NDD brokers can be Straight Through Processing broker (STP), Electronic Communication Broker (ECN), or a hybrid of STP and ECN (STP+ECN). ECN brokers offer Direct Market Access (DMA) through automated systems to allow their clients’ orders to interact with the orders of other participants in the exchange market. These market participants could be banks, hedge funds, financial institutions, retail traders, and even other brokers. Below you’ll be able to see a chart illustrating these different broker types.
Direct Market Access can be True DMA or One-Touch DMA. True DMA uses automated systems to place your trade automatically to the interbank market, while one-Touch DMA requires human intervention for your trade to get placed on the interbank market. The speed of execution could be compromised with One-Touch DMA. However, since some countries do not allow the use of True DMA due to fraud, some brokers are obliged to check every trade before placing it into the exchange market. Small brokerage firms also use One-Touch DMA to make sure they have enough funds to cover the position.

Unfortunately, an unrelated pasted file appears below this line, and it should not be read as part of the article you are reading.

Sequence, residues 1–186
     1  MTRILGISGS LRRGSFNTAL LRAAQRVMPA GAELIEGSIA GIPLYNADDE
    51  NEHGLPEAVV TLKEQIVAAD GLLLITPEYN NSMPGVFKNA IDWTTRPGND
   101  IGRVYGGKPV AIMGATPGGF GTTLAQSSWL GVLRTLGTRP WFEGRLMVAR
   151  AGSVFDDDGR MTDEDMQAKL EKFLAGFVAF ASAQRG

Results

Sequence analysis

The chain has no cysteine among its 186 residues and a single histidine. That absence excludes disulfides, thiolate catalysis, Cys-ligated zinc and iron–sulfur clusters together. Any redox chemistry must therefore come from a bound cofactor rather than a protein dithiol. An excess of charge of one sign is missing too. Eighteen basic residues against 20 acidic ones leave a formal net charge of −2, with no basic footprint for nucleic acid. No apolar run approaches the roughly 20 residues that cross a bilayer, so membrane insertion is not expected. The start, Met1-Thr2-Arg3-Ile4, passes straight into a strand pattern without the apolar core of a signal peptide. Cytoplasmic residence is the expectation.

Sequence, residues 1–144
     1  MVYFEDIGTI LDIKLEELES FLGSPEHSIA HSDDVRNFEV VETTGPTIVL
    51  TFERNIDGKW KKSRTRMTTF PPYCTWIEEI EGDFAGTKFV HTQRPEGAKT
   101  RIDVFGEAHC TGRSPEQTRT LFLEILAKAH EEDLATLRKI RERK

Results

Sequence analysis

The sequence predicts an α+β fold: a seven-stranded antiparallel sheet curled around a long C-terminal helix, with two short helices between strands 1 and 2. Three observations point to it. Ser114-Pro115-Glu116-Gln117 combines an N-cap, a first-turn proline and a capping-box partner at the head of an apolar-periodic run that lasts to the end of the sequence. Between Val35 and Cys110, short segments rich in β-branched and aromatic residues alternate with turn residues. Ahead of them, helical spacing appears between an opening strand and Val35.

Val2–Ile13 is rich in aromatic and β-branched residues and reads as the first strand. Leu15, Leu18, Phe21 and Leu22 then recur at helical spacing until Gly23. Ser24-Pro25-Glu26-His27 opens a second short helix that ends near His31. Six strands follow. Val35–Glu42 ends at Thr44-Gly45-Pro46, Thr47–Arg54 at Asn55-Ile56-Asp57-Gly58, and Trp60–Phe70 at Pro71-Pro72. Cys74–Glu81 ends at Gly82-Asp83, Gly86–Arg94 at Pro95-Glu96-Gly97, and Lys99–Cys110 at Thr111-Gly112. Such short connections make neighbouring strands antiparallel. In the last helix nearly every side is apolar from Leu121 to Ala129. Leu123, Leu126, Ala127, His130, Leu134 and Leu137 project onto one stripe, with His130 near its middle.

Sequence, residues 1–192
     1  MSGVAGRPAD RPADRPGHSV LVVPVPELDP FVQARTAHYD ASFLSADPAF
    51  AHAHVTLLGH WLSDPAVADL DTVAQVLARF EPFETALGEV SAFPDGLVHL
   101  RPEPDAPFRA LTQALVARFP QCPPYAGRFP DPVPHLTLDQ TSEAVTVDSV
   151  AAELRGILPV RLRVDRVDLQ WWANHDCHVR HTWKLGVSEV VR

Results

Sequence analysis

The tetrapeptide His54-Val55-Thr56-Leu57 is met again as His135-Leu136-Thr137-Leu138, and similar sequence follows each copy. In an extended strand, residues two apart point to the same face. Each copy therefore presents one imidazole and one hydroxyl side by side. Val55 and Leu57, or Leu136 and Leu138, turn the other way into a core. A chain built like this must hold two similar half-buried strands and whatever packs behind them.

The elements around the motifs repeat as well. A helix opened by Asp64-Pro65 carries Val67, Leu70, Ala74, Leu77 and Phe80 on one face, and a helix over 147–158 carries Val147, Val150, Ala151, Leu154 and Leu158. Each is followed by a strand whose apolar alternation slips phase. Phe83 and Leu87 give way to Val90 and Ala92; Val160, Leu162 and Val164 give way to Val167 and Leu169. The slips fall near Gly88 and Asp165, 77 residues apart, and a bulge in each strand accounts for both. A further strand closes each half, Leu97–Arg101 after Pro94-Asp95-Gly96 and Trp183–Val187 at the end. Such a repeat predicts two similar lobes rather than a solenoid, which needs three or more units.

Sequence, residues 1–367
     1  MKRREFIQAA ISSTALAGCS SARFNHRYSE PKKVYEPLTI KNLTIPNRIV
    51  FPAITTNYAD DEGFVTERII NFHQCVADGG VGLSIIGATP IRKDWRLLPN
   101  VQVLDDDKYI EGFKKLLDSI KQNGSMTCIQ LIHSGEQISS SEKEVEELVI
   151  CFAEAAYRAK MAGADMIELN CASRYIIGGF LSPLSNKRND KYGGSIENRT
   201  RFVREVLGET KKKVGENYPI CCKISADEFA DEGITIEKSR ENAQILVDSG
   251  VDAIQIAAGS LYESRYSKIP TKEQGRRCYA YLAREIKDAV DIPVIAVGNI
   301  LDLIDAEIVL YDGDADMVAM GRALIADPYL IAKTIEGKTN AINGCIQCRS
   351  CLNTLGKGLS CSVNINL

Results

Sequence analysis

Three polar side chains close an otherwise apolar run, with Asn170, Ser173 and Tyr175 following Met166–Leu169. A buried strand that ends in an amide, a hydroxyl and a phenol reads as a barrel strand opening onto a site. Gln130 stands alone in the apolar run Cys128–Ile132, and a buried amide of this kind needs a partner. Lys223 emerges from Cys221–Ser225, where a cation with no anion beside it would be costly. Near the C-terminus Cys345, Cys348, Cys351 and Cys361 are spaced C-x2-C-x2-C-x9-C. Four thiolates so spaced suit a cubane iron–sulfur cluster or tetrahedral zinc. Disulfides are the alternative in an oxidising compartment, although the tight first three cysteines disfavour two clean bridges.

A STP broker is a hybrid model of Market Maker and ECN broker. STP brokers sometimes act as a Market Maker by using liquidity providers such as banks as their clients’ counterparty and do not allow their clients’ orders to interact with the orders of other participants in the exchange market, and other times they place clients’ orders into the exchange market. Most STP brokers generate their revenue by adding the spread to the price that they obtained from the liquidity providers.
Now that you understand more about brokerages, in general, we can take a look at some of the troubles you might run into with them. We as traders, after all, have to fend for our own. Some brokers are out to take advantage of foolish and unknowing traders so we want to not be one of them. Brokerage firms might look great on the outside, but once you get in and make some profit and try to withdraw your funds all the rules might change.